Reply

      • Tim Cody
        Jan 15, 2021 @ 18:07:52

        Hi Lina,

        I dont think we have ever talked about this but I also graduated in my alma mater with two Bachelor degrees in psychology and philosophy! I have gotten to know both departments here at Assumption very well. I have also take time in my early 20’s to travel to France! I hope you get the chance to visit Paris someday!

        Reply

    • Althea Hermitt- Mcpherson
      Jan 14, 2021 @ 18:21:49

      Hi Pawel, I responded to your post because I find your name interesting and was wondering where you are from or where did your name come from, it’s unique. Your adaptive coping skills are great I’m about to embark on a fitness journey however hiking and skiing are not my favorites but it great that you enjoy these adventurous undertakings. Graduate school is definitely some good work. I love this program and professor Stoner she is just amazing.

      Reply

      • Pawel Zawistowski
        Jan 14, 2021 @ 18:31:35

        You’re definitely right she is amazing! Also, I hope some day you give skiing and hiking a second chance. Taking on winter sports is essential for getting through New England’s brutal winters. And thank you for the compliment, my name is Polish.

        Reply

    • Connor Belland
      Jan 14, 2021 @ 20:17:17

      Hey Pawel, Good to hear you have been able to get out of the house a bit to help cope with stress. I have also found skiing to be a great activity for the pandemic. Its not any different at the ski mountains because everyone has always worn a mask skiing anyways.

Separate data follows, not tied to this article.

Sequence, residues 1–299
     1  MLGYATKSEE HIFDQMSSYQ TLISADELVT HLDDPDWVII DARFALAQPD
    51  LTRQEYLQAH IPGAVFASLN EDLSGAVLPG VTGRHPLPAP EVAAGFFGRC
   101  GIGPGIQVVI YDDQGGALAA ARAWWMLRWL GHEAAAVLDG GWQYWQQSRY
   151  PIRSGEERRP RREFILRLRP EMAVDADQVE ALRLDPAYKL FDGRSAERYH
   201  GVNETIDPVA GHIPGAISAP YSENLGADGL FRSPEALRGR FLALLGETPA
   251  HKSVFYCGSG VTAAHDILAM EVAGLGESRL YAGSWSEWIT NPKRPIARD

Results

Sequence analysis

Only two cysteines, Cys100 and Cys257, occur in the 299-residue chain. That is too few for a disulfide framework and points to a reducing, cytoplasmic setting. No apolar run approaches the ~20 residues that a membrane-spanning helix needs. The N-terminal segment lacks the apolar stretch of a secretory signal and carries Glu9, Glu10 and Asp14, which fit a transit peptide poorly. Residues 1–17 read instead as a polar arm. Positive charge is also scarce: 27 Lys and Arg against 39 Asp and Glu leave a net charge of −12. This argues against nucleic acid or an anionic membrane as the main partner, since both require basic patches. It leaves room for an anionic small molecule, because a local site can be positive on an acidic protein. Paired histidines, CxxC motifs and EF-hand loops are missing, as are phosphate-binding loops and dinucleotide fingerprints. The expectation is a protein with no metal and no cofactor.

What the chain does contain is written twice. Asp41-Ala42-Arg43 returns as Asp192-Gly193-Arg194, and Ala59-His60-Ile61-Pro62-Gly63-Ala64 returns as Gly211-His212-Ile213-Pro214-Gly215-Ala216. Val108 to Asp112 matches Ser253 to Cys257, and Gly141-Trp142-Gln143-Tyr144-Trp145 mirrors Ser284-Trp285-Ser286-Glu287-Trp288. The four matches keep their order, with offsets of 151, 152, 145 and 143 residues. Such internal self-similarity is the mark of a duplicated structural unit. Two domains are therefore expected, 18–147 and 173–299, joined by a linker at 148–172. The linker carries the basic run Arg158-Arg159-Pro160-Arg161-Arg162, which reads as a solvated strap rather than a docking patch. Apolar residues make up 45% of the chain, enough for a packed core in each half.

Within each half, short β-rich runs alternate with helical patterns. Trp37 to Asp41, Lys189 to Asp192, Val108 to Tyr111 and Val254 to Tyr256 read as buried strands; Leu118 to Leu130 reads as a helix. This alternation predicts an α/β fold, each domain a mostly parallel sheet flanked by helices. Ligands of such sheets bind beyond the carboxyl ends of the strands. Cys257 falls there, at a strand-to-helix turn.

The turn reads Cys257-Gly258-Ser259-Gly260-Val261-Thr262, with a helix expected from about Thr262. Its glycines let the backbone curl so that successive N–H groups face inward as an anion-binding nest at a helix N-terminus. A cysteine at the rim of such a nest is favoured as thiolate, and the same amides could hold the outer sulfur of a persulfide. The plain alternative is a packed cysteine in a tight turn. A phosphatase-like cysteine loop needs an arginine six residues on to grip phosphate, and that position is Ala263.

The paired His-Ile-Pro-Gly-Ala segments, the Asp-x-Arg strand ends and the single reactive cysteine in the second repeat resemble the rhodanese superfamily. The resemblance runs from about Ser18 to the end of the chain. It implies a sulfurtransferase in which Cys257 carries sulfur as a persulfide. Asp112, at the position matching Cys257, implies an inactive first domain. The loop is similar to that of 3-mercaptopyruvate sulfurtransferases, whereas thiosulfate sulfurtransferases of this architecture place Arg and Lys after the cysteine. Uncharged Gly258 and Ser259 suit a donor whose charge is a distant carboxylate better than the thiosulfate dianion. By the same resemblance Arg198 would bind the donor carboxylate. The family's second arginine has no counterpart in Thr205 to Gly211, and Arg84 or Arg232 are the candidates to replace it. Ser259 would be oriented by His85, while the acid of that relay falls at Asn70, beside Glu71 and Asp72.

Reply

    • Elizabeth Baker
      Jan 16, 2021 @ 16:55:22

      Hello Pawel!

      It is so cool that you ski! I have always wanted to try winter sports like snowboarding and/or skiing, it seems really fun. It is nice that you have activities to get you out of the house!
      I can also agree that assignments for grad school are very different compared to undergrad. There is far more reading now and more time is required to complete high-quality assignments. Although I am also glad that these assignments are in line with our career paths, as they keep us motivated and interested.

      Reply

  23. Connor Belland
    Jan 14, 2021 @ 17:21:38

    Hi! I am Connor Belland and I graduated from Umass Dartmouth. The best way I found to cope this past year was through exercise and working out. One of my biggest takeaways from first semester is how much writing there is in grad school, but also the importance of building rapport with clients. My impression of CBT is it definitely seems a very powerful and useful tool that I can’t wait to learn more about, i understand what it is on paper but i am interested to learn what it actually looks like in therapy. I just need to start making the connection between when someone says they are using CBT methods and what that actually looks like.

    Reply

    • Pawel Zawistowski
      Jan 14, 2021 @ 18:26:46

      Hey Conner! I am glad to hear you’ve been able to exercise to cope with this pandemic, I know all the state guidelines have discouraged many people from doing so. I also had a similar impression of my first semester in grad school is that there is so much writing involved.

      Reply

    • Tim Cody
      Jan 15, 2021 @ 18:14:59

      Hey Connor,

      I definitely felt the same with our papers from the first semester. We are definitely being pushed to write more than I ever thought possible. I think in total from the fall semester I wrote over 100 pages. But I know that this is higher level education and our professors simply want to push to where they believe we will succeed. All this writing will definitely help with creating Assessments in our future careers. Hopefully it will also translate into action with CBT as well.

      Reply

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Adam M. Volungis, PhD, LMHC